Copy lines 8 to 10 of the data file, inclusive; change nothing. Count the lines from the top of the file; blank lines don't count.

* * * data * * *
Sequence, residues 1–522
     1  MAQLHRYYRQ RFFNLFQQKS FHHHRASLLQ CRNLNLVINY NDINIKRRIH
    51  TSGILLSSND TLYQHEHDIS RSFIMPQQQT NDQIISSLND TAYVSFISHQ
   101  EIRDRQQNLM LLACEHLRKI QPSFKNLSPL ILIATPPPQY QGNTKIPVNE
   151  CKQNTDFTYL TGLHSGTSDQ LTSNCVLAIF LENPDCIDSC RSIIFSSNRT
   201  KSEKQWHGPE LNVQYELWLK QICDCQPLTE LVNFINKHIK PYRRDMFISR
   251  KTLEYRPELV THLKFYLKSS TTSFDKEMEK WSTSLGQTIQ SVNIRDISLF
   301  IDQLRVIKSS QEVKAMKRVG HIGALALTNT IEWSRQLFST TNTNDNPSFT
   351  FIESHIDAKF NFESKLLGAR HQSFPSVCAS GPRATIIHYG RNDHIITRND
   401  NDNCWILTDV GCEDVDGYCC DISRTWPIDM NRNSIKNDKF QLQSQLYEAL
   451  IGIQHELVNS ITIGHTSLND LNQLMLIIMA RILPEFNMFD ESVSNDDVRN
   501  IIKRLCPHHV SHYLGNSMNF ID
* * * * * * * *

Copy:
   301  IDQLRVIKSS QEVKAMKRVG HIGALALTNT IEWSRQLFST TNTNDNPSFT
   351  FIESHIDAKF NFESKLLGAR HQSFPSVCAS GPRATIIHYG RNDHIITRND
   401  NDNCWILTDV GCEDVDGYCC DISRTWPIDM NRNSIKNDKF QLQSQLYEAL